by Stephen Tall on February 5, 2009
It does of course pose lots of interesting questions for liberals: the conflict between freedom of speech, and the offence that may cause; to what extent unbroadcast behind-the-scenes remarks should be regarded as private; whether remarks that cause offence are best dealt with by individuals at the time, rather than by being referred to an ombuds
The Lib Dem blogosphere has wrestled with many of these issues and more, and given more time to the issue than I have the heart for, here:
>> Liberals should be supporting Carol Thatcher (‘Costigan Quist’ at Himmelgarten Cafe);
>> Carol Thatcher – an issue of free speech? (Paul Walter at Liberal Burblings); and
>> Carol Thatcher, praying nurses and the abolition of private life (Jonathan Calder at Liberal England).
What depresses me about the ensuing debate (with the honourable exceptions above) is quite how tired and predictable it has so quickly become, with battle-lines drawn generally along political lines.
Many on the right argue that Ms Thatcher’s banning once again displays the BBC’s deplorable, hypocritical, political-correctness-gone-mad standards (slipping thereof). Many on the left argue that anyone who sticks up for Carol Thatcher is, pretty much by extension, a racist. Both arguments strike me as rather pathetically extreme.
My view? The word ‘golliwog’ may be considered by some to be innocuous (and, yes, I too had a golliwog soft toy as a child) but its imagery and association is racially-charged. For generations, it was the image for millions of ‘what black people look like’, only one step away from that ultimate phrase of unconscious racism, ‘they all look the same to me’. As far as I know, there is no equivalent soft toy held to represent a single image of ‘what white people look like’. There’s a reason for that: we all look different, and we’re all individuals. That is why the label ‘golliwog’ became associated with racial stereotyping, and why the term itself is generally regarded as a racial insult.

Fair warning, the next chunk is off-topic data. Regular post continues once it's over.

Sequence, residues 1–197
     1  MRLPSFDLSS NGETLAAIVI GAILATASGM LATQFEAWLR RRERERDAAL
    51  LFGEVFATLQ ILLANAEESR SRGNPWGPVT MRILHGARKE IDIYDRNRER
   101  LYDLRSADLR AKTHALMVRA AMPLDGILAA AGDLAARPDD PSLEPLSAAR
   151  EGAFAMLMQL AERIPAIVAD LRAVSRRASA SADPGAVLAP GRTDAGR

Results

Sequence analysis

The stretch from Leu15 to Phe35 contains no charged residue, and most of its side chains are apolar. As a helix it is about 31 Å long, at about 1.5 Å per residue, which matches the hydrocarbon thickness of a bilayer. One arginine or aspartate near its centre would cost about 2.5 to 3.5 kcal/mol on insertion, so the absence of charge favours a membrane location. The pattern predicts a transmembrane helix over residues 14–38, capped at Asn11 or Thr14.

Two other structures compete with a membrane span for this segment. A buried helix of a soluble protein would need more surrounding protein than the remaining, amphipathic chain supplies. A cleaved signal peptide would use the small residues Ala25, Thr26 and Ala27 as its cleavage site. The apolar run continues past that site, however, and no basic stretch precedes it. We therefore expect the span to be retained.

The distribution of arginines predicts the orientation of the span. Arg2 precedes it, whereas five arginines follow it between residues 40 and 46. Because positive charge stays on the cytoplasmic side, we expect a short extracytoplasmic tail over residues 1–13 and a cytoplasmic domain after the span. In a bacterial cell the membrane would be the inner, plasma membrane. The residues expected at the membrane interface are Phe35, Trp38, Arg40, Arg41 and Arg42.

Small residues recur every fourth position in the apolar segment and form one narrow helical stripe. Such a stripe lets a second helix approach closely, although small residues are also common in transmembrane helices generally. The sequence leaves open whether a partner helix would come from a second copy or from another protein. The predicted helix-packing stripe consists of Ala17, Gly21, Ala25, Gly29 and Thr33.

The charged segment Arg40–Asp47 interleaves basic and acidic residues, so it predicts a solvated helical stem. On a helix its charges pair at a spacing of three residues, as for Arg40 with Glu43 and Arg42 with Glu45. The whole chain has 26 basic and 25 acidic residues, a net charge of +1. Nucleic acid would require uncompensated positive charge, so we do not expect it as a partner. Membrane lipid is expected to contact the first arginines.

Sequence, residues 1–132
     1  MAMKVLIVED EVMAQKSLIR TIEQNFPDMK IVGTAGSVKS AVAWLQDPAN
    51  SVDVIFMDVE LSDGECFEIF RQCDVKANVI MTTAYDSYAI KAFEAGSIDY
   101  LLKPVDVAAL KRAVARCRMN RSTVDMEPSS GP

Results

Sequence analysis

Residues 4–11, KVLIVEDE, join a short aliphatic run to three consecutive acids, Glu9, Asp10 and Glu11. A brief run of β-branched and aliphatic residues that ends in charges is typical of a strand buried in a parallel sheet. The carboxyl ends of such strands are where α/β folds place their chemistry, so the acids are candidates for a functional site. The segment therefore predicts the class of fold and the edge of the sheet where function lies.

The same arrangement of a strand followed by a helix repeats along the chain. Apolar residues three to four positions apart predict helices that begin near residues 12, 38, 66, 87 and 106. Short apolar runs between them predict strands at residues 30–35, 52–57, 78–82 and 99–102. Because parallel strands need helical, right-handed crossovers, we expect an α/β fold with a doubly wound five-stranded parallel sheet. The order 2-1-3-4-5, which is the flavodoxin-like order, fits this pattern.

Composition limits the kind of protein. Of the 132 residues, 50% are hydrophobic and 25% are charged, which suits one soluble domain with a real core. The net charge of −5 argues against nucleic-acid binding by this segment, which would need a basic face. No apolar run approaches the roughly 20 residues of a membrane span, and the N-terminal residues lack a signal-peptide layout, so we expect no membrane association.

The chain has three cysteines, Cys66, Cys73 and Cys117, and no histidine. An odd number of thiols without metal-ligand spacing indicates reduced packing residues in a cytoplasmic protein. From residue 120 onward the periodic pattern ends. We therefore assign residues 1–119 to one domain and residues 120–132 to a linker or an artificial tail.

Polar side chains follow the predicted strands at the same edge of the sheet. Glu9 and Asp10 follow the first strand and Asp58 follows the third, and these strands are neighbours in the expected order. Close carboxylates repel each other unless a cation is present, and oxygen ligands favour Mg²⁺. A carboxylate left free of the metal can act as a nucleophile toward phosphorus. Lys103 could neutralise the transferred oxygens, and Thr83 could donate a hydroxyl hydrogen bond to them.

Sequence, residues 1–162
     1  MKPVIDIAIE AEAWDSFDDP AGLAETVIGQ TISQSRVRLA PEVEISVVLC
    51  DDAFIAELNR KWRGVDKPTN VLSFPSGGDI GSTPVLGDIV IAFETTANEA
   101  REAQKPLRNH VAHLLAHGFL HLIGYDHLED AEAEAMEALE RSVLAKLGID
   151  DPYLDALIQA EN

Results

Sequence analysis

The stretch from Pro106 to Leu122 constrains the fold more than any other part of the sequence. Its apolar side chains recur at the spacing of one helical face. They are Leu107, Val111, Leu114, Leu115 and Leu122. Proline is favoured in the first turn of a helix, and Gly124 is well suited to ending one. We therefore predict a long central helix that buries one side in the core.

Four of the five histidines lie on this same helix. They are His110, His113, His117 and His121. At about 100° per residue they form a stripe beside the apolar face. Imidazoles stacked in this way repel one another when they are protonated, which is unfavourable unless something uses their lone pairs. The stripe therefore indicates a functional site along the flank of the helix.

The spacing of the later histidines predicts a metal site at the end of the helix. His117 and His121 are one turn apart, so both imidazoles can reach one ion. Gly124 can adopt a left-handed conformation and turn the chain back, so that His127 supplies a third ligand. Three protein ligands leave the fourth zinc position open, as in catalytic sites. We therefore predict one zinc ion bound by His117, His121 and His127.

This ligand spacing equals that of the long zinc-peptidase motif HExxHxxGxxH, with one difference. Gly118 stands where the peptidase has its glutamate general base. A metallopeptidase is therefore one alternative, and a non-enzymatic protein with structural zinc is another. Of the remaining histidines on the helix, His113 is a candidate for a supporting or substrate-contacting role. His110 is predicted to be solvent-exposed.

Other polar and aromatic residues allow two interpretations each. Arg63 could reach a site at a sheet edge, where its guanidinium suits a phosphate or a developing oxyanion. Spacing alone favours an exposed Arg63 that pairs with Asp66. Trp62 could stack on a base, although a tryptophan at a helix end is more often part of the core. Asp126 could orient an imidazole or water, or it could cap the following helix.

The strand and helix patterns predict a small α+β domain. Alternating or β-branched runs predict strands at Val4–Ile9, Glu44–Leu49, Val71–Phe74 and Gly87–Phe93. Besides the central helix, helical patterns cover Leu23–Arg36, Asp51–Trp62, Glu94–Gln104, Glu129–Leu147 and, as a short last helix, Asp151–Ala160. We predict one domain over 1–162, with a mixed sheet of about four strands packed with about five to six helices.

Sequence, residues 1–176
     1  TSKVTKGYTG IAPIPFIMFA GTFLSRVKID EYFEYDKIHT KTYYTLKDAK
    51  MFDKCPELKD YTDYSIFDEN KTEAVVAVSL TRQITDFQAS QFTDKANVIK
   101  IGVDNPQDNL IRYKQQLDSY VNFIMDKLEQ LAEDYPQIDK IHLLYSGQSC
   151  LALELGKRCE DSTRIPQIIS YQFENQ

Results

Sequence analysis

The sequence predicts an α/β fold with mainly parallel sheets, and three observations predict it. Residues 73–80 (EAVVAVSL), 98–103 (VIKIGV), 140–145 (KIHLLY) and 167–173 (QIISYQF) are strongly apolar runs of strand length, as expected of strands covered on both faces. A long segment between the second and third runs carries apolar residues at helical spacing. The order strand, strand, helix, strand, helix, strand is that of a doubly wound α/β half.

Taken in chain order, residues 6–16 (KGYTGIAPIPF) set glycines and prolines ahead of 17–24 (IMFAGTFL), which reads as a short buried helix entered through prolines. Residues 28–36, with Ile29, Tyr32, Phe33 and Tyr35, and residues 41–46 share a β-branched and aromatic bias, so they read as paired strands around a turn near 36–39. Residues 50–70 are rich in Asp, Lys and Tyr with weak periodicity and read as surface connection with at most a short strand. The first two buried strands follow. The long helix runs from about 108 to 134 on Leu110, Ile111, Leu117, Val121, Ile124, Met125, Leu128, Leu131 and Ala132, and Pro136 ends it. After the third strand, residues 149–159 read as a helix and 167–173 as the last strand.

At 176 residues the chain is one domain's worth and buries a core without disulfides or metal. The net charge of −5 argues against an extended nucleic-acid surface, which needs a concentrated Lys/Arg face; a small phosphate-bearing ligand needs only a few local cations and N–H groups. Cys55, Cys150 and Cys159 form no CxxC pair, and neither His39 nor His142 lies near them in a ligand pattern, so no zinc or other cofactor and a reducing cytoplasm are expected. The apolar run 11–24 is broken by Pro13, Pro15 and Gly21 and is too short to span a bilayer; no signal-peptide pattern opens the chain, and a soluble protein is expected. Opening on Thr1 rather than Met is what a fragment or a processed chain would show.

So, Carol Thatcher was, in my view, wrong to use the word ‘golliwog’, however jokily/ironically/post-modernly. That she did so, unthinkingly, in front of people she didn’t know, on BBC premises, while being paid by the BBC, gives them the right to discipline her in a proportionate manner. This they did by offering her the opportunity to make a full apology, and when she declined to do so, exercising their rights as her employer to ban her from the show she was contributing to at the time of the incident.
It then became – for no good reason – a national furore, with the incident used by those with their own agendas to score political points off each other. All of which I find deeply tedious.
But let’s open this up to the LDV readership, and ask:
Do you think the BBC was justified in banning Carol Thatcher from The One Show for using the term ‘golliwog’?
Yes or No?
Over to you…